Bernd Brägelmann
X-ray of the hand in rheumatoid arthritis

Autoimmune Diseases Affect Millions

August 31, 2009
by Emily Coakley
Karla Lindula of Seattle woke up one day with such severe pain in her hands that she couldn’t hold a hairbrush. “There was no warning for this. It came on suddenly and unexpectedly. Over the course of two to three weeks, it worsened and I went into the doctor’s to get checked out,” Lindula said. Tests indicated she had lupus, an autoimmune disease. After a year of treatment, her doctors determined she actually had a different autoimmune disease, rheumatoid arthritis.

Autoimmune Diseases and Their Prevalence

Lindula, who was diagnosed in 2004, is one of up to 50 million Americans who have one or more autoimmune diseases, according to the Society for Women’s Health Research. Women with autoimmune diseases outnumber men nearly three to one, and it’s the eighth leading cause of death for women ages 15 to 64, according to the society.

Autoimmune refers to the body’s immune system attacking healthy cells instead of invading cells, as it is designed to do, explains Children’s Hospital Boston. No one is sure why a body’s immune system would turn on itself, nor why immune systems sometimes target a specific organ or the entire body.

Some diseases, such as multiple sclerosis or endometriosis, may be familiar, but others, such as Tolosa-Hunt Syndrome and pemphigus, probably aren’t.

According to the American Autoimmune Related Diseases Association (AARDA), “Individually, autoimmune diseases are not very common, with the exception of thyroid disease, diabetes, and systemic lupus erythematosus (SLE). However, taken as a whole, they represent the fourth-largest cause of disability among women in the United States.”

No one knows why women are disproportionately affected with autoimmune diseases, though it is possible hormones are involved, the AARDA says. Pregnancy can cause some diseases to improve or get worse, and other diseases occur after menopause.

People with one autoimmune disease tend to be diagnosed with others. Lindula was diagnosed with Reynaud’s Phenomenon about two years after her pain started. Lisa Copen, 39, of San Diego, was diagnosed with RA 15 years ago, then developed fibromyalgia a few years after.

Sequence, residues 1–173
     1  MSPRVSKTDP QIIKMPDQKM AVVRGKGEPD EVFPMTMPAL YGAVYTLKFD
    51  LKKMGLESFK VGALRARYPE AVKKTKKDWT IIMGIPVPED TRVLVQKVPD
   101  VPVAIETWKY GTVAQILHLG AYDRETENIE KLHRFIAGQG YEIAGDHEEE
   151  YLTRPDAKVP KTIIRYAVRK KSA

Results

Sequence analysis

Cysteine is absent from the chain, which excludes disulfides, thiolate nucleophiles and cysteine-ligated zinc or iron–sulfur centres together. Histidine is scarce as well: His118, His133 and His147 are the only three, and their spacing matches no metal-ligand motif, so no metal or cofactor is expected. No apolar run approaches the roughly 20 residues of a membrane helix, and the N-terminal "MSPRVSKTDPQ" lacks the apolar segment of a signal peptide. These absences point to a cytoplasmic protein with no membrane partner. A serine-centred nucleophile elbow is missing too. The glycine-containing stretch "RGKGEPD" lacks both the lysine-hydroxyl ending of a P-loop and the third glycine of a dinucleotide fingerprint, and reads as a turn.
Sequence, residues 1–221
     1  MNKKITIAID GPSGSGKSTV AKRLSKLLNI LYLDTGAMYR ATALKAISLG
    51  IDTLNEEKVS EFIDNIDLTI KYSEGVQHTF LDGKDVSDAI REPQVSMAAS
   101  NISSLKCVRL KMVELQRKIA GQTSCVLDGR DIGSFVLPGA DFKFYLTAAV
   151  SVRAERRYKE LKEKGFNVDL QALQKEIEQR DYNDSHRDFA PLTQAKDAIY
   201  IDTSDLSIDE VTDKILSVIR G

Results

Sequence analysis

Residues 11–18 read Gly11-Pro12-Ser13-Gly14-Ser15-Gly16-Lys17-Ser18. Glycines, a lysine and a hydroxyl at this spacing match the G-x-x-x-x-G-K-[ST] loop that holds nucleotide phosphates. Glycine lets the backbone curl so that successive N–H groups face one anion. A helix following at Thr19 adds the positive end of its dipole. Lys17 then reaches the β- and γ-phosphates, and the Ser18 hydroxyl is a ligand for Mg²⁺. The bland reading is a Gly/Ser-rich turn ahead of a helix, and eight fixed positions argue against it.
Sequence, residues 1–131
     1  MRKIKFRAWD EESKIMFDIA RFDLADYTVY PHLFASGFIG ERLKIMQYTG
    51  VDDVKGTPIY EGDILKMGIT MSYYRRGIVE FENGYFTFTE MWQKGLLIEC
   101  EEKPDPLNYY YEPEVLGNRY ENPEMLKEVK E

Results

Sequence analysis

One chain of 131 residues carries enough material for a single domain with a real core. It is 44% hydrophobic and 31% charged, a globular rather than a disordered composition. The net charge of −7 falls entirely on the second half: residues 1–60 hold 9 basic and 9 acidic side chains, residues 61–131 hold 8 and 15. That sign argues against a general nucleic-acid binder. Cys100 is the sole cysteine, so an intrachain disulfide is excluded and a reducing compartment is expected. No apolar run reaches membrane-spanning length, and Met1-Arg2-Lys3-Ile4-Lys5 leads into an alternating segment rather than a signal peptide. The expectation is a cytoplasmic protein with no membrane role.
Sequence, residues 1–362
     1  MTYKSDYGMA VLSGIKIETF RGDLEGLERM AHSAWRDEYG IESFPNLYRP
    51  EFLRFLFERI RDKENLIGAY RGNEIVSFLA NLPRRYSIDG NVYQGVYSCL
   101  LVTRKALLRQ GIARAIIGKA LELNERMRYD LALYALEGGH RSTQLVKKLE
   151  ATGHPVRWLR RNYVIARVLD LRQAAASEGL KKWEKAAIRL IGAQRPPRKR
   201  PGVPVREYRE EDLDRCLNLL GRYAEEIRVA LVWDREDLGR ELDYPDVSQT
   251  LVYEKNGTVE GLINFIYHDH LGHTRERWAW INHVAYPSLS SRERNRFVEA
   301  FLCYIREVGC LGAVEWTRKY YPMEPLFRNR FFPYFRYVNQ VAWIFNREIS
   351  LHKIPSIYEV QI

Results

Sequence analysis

The AARDA has a complete list of the conditions that are considered autoimmune diseases.

Autoimmune disease treatment varies by condition, and one approach is managing the effects of the disease, according to the site Another is to suppress the body’s immune system with medication so it’ll stop the attack. But such approach also has problems.

Says Medhelp: “Unfortunately, these medications also suppress the ability of the immune system to fight infection and have other potentially serious side effects.”

Coping With an Autoimmune Disease

The Web can be a great place for people with autoimmune diseases to learn more about their condition and connect with others who are having the same experience. Several diseases, such as celiac, have organizations and sites dedicated solely to them.

AARDA offers tips to help people get diagnosed properly, such as keeping a list of symptoms—in order of concern to you—and asking doctors about their experience with autoimmune diseases.

For Copen, coping with her autoimmune disease meant establishing Rest Ministries, which she describes as “the largest Christian organization that serves the chronically ill.” She’s also established National Invisible Chronic Illness Awareness Week, “to help others know they are not alone in their invisible pain,” she said. 

After Stephanie Cion, 32, of New York, was diagnosed with chronic inflammatory demyelinating polyneuropathy in 2005, she had to leave a job she loved. A medical emergency led her to start a new company, WellAlarm. The company makes medical alert pendants and other jewelry, offering a twist on medical alerts. If someone with a WellAlarm pendant or bracelet is unconscious, a paramedic can call a number and use a unique code on the charm to gain that patient’s medical information.

“I truly believe that starting my company, WellAlarm, has helped in my recovery. It gives me a sense of purpose and reason to push through the worst days,” Cion said.

Health Web Guides

To learn more about some specific autoimmune diseases, such as diabetes, read the findingDulcinea Diabetes Web Guide. The guides link to sites to help you learn about diagnosis, treatment and research, as well as where to find support online. Other guides include arthritis and multiple sclerosis. While fibromyalgia is not considered an autoimmune disease, it does tend to occur in people who already have one.

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